Paving and landscaping works have commenced across the Gold Coast light rail corridor as the project moves closer to operations commencing in June 2014.
These works include levelling underground service pit lids with the footpath, installing new paving and concrete for kerbing and footpaths and planting of signature trees, shade trees and mass ground cover vegetation.
Landscape design for the light rail corridor has been modelled on Broadwater Parklands and the Surfers Paradise foreshore. The design matches the different environments which the light rail passes through.
Earth colours have been used in ‘hinterland’ areas such as the Health and Knowledge precinct and some areas of Southport. Beach colours have been used in the ‘coastal’ areas of Southport, Surfers Paradise and Broadbeach.
Coloured concrete will be used in unpaved areas. These colours have been used to differentiate between pedestrian areas, the road reserve and the light rail corridor.
11,000 square metres of pavers will be used across the corridor in urban areas. Pavers will be Brisbane Grey in colour, matching the existing paving in the centres of Southport, Surfers Paradise and Broadbeach.
Paving and footpath works will be undertaken in stages.
Stage 1 - Pit lids are levelled, existing pavers and concrete jack-hammered and removed, then a new base layer is compacted. Stage 2 - The base layer crew moves to the next zone and the base concrete is laid by a second crew. Stage 3 - Once the base concrete is cured, the second crew moves to the next zone and pavers are laid by a third crew.
This progressive approach maximises each work crew’s output, minimising the duration of works while maintaining access to properties.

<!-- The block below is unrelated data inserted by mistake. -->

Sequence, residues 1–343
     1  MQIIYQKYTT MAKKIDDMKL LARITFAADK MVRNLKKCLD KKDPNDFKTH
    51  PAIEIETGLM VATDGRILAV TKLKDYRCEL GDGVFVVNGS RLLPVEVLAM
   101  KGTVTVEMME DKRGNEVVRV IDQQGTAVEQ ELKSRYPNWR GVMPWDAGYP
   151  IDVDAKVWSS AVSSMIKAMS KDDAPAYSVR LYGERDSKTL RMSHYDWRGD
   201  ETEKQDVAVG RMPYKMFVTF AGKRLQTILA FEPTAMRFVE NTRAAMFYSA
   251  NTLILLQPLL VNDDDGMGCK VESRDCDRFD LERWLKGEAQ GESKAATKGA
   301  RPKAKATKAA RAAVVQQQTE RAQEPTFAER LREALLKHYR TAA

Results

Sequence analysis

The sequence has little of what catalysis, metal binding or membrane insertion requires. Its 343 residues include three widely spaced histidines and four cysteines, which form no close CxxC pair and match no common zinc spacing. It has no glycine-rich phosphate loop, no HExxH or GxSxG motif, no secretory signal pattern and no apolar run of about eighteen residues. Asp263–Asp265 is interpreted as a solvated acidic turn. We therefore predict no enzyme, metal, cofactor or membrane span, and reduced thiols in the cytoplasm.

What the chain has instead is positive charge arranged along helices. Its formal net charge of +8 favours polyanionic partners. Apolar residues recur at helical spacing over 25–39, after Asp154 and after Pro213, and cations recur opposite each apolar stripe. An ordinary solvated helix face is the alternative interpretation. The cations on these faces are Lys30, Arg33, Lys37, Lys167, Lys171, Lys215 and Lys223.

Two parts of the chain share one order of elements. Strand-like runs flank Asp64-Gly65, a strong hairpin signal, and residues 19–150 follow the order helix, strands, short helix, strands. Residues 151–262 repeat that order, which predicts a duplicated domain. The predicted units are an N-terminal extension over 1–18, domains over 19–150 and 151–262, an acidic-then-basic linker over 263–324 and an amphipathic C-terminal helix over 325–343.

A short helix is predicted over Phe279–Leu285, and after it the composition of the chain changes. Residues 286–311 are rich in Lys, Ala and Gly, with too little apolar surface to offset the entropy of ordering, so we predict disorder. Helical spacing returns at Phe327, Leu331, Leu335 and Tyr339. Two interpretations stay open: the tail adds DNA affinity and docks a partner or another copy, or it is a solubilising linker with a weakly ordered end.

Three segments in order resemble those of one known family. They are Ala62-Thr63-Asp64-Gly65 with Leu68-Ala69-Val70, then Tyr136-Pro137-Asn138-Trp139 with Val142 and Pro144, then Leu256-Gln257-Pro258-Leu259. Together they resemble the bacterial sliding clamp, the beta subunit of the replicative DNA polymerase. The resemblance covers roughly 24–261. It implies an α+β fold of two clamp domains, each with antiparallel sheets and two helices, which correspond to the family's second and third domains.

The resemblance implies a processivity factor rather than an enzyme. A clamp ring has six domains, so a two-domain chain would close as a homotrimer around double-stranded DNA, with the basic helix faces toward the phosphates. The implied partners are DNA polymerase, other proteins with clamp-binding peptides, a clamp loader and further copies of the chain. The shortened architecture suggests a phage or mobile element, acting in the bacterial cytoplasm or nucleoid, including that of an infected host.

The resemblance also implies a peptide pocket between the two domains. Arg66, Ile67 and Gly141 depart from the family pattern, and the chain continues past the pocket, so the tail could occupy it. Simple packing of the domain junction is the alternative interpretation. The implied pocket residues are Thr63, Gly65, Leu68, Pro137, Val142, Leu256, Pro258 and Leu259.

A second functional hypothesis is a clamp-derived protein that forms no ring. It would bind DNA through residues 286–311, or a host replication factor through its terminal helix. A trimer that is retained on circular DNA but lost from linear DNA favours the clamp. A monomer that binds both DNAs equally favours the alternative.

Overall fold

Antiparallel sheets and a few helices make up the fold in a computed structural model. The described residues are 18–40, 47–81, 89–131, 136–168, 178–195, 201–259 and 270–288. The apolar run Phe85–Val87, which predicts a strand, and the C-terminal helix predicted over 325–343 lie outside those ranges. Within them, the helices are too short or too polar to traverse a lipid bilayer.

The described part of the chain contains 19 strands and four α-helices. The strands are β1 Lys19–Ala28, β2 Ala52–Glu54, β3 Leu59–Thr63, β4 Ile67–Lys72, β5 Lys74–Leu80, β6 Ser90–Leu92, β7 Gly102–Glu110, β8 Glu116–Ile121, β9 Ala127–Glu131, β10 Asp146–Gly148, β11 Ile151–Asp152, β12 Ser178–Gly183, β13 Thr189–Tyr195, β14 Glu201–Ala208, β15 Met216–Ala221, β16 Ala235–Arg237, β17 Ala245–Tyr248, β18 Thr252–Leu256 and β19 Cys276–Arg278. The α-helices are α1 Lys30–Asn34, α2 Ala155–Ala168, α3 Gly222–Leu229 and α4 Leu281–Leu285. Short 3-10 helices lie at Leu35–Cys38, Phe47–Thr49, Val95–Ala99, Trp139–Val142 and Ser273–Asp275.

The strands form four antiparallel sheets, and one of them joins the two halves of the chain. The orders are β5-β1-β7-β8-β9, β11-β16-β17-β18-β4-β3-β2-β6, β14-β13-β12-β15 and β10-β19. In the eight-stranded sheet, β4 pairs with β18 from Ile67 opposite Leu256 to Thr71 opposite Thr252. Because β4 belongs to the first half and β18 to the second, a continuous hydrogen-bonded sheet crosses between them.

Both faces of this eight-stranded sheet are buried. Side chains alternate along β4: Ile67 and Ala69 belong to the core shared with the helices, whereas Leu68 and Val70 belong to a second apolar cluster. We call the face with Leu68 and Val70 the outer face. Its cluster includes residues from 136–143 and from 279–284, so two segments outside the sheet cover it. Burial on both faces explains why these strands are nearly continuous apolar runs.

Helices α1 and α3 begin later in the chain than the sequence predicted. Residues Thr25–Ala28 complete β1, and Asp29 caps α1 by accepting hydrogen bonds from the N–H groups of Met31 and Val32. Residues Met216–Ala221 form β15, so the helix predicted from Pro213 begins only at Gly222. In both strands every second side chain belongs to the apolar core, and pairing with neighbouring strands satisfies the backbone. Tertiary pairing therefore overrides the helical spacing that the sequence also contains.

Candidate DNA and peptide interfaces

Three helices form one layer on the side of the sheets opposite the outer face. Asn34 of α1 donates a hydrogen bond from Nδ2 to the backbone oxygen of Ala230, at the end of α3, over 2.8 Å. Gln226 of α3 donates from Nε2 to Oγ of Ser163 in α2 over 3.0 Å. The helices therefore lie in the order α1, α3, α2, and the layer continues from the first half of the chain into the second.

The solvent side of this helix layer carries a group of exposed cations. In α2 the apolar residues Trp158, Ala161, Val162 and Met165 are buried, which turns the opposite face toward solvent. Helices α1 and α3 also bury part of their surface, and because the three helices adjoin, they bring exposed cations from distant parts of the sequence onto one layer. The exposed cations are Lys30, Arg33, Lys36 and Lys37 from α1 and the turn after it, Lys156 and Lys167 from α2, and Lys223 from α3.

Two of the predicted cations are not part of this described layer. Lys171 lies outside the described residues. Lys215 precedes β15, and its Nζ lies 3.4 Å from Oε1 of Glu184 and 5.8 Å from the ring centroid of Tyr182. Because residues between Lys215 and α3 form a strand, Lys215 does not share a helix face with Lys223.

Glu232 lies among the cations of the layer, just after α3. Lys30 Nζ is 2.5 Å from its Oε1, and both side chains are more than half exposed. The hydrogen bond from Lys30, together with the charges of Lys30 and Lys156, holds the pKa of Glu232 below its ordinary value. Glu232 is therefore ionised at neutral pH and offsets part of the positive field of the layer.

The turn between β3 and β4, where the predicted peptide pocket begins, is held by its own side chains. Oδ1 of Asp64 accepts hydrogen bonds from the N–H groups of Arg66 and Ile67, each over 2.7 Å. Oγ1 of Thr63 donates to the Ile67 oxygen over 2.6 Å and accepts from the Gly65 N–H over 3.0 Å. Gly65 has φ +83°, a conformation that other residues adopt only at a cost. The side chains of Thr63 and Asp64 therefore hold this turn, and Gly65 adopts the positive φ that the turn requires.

Where possible, footpaths will be reopened following the second stage to accomodate pedestrians prior to final paving commencing.
GoldLinQ will work closely with stakeholders to minimise construction impacts and prior notice will be given ahead of works commencing.
In order to maximise green area across the corridor, GoldLinQ has worked with the City of Gold Coast to move underground services to allow more vegetation to be planted.
GoldLinQ has also favoured using vegetation instead of retaining walls and worked to save existing trees and plants along the corridor.
A variety of plant species (some pictured right), selected for their tolerance of Gold Coast climate, will be used for signature trees, shade or canopy trees and ground level mass planting.
GoldLinQ has avoided turf wherever possible, favouring mass planting in its place.
Landscape design may vary across the light rail corridor due to line-of-sight requirements, location of underground and overhead services and existing design.
For more information including images of plants and indicative pavement colours, please see attached construction notice.